The expansion of the Temelín nuclear power plant remains doubtful given current energy prices, analysts have said after the CEO of ČEZ indicated a contract for two new reactors could be signed next year.
Daniel Beneš told the Czech business weekly Ekonom that ČEZ and the preferred bidder could finalize a deal “some time in the second quarter of 2015,” although only if the state offers a guaranteed price for energy produced by the facility.
”I cannot imagine signing a fully valid contract on the completion of Temelín before having negotiated a contract for difference or another business scheme,” Beneš said in comments reported by the Czech News Agency.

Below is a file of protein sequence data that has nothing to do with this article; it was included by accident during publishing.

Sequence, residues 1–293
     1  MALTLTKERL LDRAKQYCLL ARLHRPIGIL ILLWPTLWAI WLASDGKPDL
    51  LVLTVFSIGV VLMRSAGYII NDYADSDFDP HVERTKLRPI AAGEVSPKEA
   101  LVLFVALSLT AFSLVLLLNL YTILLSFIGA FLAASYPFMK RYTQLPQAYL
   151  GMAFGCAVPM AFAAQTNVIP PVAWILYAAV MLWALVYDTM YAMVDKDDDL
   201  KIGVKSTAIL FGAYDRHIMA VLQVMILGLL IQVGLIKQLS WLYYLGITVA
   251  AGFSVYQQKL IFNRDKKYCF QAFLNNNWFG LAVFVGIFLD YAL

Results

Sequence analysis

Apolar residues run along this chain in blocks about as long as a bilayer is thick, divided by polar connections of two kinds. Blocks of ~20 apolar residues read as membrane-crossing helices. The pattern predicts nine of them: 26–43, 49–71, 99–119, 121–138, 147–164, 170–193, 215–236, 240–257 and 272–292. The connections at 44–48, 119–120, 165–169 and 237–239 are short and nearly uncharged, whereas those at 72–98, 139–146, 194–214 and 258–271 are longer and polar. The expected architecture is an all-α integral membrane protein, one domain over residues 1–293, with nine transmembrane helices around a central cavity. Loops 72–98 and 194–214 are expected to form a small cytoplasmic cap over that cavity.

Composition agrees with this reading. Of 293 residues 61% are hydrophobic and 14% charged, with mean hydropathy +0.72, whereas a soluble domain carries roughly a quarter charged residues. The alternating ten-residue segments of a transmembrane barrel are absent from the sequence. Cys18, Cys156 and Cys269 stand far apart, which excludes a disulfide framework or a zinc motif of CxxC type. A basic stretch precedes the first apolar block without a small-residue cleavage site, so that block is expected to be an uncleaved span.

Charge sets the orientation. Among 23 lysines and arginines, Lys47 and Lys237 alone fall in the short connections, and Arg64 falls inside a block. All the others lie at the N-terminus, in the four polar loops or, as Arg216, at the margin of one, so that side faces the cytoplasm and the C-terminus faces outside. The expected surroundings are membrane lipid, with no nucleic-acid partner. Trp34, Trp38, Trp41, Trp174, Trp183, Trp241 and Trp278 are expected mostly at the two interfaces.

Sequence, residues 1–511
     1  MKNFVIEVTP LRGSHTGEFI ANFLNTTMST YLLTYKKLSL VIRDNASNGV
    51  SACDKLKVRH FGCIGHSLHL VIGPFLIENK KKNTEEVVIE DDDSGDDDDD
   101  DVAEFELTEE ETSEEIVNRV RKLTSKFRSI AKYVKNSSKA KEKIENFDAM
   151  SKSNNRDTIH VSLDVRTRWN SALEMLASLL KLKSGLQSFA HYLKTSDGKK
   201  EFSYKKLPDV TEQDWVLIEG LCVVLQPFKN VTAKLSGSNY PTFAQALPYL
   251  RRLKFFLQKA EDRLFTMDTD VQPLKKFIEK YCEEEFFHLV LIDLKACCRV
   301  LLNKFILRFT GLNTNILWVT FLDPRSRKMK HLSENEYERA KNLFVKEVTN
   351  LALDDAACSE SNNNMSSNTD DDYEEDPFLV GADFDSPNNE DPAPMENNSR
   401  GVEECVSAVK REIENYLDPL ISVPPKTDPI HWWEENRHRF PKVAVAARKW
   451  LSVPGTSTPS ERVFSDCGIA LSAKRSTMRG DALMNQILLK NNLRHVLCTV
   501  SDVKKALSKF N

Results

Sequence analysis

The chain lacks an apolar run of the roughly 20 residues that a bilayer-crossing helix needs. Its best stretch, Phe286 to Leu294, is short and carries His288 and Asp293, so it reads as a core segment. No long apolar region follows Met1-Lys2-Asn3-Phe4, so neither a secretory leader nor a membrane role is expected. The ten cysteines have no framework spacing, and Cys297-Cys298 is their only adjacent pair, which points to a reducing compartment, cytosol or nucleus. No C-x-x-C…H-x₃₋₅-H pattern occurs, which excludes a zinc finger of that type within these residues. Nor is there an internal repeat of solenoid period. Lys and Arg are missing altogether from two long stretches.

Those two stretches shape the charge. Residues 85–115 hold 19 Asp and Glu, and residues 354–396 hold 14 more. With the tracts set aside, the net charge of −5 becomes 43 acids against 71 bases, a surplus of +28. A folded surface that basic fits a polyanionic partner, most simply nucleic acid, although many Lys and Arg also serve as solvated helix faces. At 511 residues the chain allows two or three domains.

Wholesale energy prices are currently well below the projected cost of energy produced at an expanded Temelín, so ČEZ has said the authorities would need to offer guarantees that they would make up any shortfall. If prices rose above the guaranteed level, ČEZ would be required to pay the difference to the authorities.
In his interview with Ekonom, Beneš also said that if construction took place, it would not begin in 2016 or 2017, as had originally been planned.
There are currently two bidders to build the proposed two new reactors, Westinghouse from the United States and a consortium that includes Russia’s Atomstroyexport.
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(Temelin nuclear power plant in the Czech Republic. Photo: Japo/Wikimedia Commons)